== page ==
TAMPA, Fla. -- Now that the first $185 million team in history has added the best player in baseball, it's safe for all of us to predict that the Yankees will have a better record than the Brewers.
Possibly even the Pirates.
But this is our chance to assure you, the American public, that the Yankees still are not guaranteed to win the World Series, with or without Alex Rodriguez. They will be required to play out the season. And so should the other 29 teams.
No denying A-Rod is great and all that. But there is still a lot of stuff that could happen to prevent the Yankees from winning. Really.
Granted, not all of it is especially plausible. But it could happen. So we've been chosen by the Citizens for Competitive Balance to present the A-Rod column everyone but the Steinbrenner family has been waiting for, the ...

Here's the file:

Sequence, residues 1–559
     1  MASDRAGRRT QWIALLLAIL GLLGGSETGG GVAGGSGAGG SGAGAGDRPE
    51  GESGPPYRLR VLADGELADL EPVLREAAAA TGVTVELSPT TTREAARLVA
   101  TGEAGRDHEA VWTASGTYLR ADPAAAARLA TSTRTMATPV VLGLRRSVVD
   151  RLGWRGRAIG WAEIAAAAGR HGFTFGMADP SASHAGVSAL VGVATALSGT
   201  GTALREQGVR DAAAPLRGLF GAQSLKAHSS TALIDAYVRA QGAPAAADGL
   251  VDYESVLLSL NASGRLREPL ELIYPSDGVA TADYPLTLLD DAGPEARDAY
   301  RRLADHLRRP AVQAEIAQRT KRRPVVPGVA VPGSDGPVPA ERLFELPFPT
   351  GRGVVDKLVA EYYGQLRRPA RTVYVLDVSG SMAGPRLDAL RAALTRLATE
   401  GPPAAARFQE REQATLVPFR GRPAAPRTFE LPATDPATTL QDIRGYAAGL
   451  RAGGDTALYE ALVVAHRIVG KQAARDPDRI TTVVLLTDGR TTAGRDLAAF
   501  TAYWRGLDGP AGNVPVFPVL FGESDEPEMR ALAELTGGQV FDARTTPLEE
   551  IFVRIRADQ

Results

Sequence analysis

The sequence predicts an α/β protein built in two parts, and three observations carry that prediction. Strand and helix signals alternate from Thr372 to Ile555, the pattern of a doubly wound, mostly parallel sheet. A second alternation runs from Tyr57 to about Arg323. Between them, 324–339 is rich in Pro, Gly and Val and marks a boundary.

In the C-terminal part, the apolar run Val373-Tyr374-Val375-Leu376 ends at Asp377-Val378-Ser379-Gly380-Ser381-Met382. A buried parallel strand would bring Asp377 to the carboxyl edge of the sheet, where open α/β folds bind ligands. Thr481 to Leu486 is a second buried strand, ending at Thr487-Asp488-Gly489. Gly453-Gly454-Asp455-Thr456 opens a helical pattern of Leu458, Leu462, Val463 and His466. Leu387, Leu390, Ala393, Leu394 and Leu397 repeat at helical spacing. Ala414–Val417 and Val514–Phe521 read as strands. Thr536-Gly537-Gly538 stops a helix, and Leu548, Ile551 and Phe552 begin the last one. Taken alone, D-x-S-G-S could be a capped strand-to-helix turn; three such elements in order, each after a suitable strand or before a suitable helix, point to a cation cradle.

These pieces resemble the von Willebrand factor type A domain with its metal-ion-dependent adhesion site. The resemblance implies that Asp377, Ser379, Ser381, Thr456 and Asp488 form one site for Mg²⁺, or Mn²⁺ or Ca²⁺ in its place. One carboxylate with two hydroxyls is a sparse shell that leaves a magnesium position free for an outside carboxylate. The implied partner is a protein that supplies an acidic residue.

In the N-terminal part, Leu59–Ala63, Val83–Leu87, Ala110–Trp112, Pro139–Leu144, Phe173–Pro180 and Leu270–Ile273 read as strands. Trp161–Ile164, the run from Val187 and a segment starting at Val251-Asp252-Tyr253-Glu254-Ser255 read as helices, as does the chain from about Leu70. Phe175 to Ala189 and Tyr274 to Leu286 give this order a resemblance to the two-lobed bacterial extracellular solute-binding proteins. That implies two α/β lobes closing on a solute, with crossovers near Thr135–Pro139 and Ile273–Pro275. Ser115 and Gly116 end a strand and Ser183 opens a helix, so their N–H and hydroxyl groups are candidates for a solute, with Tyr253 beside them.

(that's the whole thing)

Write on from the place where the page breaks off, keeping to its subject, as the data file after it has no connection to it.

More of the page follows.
TEN REASONS THE YANKEES STILL WON'T WIN (MAYBE) (POSSIBLY):
1. They need more All-Stars
True, the Yankees have acquired seven former All-Stars this winter. True, there are now up to 17 different players on this roster who have made at least one All-Star team. True, they're now in position to start a lineup in which eight of the nine spots in the batting order are manned by All-Stars.
But the question George Steinbrenner has to be asking himself right now is: Are they absolutely, positively sure that's enough?
And how can the Yankees possibly be expected to win when 40 percent of the starting rotation will be manned by non-All-Stars? (That's Javier Vazquez and Jose Contreras, by the way.) Sheez, the Red Sox have three starting pitchers (Pedro Martinez, Curt Schilling, Derek Lowe) who have started an All-Star Game. So this, clearly, is dangerous, dangerous territory the Yankees are treading in.